Sweet!! "only doing two" hahaha, that's hilarious. So, I'm curious as to how you go about preparing your horse for this? Any special precautions?
Also, if you could clue us in on some lingo, I would be thrilled. Thanks for posting!
Sure! Our horses are mostly even-tempered drafts. We have a Gypsy, a Drum, two Shires, and a Friesian/Shire mare that we're currently using, and one of our troupe members does everything on her BLM mustang. Last year, for desensitization, we practiced archery in the barn while the horses watched (shooting away from the stalls, of course!). This turned out to be a good idea, since two of them were antsy about the sound of the release at first.
Of course, all of these horses also joust with us, which, we've found, is excellent practice for the archery--if a horse is willing to let you get hit with a pole at a hard run on its back, it's probably not going to bat an eye at an arrow being released. And some of the principles are the same, anyway, since in both sports, you drop the reins. The horse needs to be able to run in a straight line without any connection at the mouth, and the rider needs to be able to control the horse and balance using only their legs and seat (if I'm not mistaken, Kassai shooters are required to learn the sport bareback to encourage this). Some of us shoot while sitting the canter, some of us shoot from the jousting two-point. Since we don't compete except against each other, we aren't sure about any regulations for this, and for us it comes down to preference.
In terms of shooting itself, mounted archery is a little bit different from standing archery, and not just in terms of draw technique. You release from "inside" the bow--so if you're drawing with your right hand and holding the bow with your left, the arrow will be resting across your left thumb on the right side of the bow. I haven't done standing archery in a while, but if I recall, that's contrary to how it's usually done. We also hold all the arrows we intend to shoot in our bow hand. I've considered trying a hip-quiver, but it's really, really difficult to find an arrow, nock it, and shoot it in what amounts to two strides, so if it's already in hand it's one less step to worry about.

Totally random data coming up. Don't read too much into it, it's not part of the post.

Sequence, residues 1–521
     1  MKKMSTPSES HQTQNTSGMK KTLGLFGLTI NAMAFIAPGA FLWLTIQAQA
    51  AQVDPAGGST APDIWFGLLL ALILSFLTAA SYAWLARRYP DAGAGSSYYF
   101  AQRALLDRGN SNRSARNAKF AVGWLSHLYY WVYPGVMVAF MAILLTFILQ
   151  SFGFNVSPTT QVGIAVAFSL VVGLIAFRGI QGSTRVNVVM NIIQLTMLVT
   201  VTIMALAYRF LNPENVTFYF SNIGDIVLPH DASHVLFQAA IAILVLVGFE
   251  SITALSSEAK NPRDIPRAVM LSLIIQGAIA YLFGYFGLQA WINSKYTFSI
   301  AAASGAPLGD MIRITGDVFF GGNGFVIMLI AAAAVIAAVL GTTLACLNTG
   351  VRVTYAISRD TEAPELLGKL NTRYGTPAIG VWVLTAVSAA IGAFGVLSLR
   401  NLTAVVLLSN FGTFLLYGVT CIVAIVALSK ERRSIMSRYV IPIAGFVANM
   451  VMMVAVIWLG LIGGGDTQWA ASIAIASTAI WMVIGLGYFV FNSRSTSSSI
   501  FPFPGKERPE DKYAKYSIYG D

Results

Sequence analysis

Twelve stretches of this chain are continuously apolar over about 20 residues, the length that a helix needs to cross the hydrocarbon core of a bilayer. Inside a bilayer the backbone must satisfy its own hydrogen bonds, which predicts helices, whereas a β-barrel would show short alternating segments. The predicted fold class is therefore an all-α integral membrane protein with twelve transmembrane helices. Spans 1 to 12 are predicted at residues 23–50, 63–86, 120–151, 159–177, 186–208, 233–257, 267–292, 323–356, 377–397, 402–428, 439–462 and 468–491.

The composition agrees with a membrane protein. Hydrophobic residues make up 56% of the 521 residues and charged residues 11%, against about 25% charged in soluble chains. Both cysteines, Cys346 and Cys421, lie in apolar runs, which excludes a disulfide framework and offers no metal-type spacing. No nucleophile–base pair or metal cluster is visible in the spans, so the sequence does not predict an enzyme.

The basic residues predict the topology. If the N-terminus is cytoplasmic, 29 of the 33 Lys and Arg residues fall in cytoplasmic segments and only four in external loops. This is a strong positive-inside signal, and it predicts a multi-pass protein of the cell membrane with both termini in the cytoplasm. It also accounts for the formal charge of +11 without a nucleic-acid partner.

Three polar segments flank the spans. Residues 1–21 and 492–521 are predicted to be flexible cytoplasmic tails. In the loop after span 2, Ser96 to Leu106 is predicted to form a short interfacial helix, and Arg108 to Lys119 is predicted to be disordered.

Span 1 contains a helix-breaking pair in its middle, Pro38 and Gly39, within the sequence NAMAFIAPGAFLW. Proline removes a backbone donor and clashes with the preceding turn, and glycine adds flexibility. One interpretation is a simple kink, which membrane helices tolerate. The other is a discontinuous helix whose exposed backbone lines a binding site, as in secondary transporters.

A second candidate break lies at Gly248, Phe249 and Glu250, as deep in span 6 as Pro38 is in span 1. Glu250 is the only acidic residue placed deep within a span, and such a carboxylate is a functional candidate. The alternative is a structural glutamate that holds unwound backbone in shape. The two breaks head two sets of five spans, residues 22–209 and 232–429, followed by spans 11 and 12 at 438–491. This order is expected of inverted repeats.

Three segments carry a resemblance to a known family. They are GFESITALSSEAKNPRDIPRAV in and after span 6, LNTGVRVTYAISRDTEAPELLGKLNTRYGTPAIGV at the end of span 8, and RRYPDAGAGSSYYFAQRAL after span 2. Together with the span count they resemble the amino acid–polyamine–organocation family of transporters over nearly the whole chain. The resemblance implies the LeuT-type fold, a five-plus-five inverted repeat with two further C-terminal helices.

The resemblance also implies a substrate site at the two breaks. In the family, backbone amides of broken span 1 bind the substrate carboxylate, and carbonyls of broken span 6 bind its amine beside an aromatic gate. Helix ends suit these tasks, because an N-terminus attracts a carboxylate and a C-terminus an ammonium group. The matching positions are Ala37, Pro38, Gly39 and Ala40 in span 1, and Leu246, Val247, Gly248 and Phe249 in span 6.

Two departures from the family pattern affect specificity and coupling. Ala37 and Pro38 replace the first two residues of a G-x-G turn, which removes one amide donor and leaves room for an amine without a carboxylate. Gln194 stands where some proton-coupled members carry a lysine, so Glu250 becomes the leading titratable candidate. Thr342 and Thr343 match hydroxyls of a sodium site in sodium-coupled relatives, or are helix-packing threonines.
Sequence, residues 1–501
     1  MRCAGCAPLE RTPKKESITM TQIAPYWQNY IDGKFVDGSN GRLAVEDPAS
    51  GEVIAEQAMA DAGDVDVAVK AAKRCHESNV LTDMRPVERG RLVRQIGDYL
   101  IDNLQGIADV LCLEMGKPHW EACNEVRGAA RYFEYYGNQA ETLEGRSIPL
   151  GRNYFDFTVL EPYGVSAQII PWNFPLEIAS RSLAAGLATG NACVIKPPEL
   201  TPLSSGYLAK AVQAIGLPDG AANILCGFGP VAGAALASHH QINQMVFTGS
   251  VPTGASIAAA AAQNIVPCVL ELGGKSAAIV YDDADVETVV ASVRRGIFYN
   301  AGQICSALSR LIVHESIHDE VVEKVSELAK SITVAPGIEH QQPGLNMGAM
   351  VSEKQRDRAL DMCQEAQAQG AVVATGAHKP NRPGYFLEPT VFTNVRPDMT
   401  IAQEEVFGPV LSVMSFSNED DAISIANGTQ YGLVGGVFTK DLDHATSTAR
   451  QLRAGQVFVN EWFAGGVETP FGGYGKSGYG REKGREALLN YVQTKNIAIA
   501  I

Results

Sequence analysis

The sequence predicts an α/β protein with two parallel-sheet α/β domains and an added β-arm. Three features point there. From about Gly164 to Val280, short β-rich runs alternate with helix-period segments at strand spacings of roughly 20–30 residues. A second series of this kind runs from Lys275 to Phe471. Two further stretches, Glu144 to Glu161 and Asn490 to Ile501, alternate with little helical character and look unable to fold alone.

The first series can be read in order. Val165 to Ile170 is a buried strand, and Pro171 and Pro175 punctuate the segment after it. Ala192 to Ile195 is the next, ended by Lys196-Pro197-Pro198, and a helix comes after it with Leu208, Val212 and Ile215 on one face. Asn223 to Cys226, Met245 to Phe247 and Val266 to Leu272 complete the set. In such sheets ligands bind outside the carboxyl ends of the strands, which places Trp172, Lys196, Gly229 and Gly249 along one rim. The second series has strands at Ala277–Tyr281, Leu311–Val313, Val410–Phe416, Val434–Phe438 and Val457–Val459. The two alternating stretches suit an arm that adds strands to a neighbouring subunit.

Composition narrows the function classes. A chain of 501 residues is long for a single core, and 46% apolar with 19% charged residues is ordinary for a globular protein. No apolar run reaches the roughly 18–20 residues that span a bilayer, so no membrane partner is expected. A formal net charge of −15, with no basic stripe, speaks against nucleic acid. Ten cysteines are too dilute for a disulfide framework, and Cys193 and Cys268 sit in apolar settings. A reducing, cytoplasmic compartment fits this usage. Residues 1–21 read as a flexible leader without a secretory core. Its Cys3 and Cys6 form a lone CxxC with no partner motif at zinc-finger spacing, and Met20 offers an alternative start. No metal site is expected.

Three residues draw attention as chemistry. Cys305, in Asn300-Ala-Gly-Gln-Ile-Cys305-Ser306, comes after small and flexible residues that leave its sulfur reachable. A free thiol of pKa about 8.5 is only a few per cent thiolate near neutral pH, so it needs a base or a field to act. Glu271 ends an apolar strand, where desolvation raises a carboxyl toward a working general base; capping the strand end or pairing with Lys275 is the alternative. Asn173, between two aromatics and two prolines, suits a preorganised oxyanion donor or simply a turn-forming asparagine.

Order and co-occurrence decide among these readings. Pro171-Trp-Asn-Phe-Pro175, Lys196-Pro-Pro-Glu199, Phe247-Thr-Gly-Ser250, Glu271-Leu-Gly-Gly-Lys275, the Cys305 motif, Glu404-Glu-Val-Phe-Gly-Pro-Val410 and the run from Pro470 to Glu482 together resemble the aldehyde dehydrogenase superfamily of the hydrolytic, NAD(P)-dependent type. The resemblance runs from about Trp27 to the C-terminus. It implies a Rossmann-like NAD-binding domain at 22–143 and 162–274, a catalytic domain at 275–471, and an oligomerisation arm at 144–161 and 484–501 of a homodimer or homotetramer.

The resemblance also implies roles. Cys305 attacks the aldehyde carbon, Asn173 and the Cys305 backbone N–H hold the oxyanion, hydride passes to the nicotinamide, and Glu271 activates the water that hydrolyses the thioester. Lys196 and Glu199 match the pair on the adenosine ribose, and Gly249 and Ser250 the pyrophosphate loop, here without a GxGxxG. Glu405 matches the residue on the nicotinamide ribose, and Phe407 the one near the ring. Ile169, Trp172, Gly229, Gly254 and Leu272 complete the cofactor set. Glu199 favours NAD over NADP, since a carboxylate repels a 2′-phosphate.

Aim! Aim doesn't exist in mounted archery, at least for me. I mentioned muscle memory in my initial post, and while I'm sure some of our troupe members still attempt to sight before release, I do not. I've come to a reasonable understanding of where the arrow is going to go simply by drilling position into my head--the position of the nock on the string, the position of my hand on the bow, the position of the arrow relative to my hand. By learning consistent positioning of my body and the bow and arrow, I can control my aim with reasonable success simply by angling the bow up, down, left, and right as opposed to trying to sight down the arrow.
As far as "lingo" goes, I guess I don't know a lot, because most of what we've done is self-taught. I know the draw terms, I know some terms related to the Kassai school, and some related to the Korean school. My favorite mounted-archery related term off the top of my head is "Mogu," a type of Korean mounted archery in which one rider goes ahead and throws cotton targets into the air, while another follows behind and shoots the targets with turnip-headed arrows dipped in ink.
:) I'm not an expert, but I'm happy to try my best to answer any questions anyone has! It's a super fun sport and, I think, good for any rider looking to improve their balance and discipline.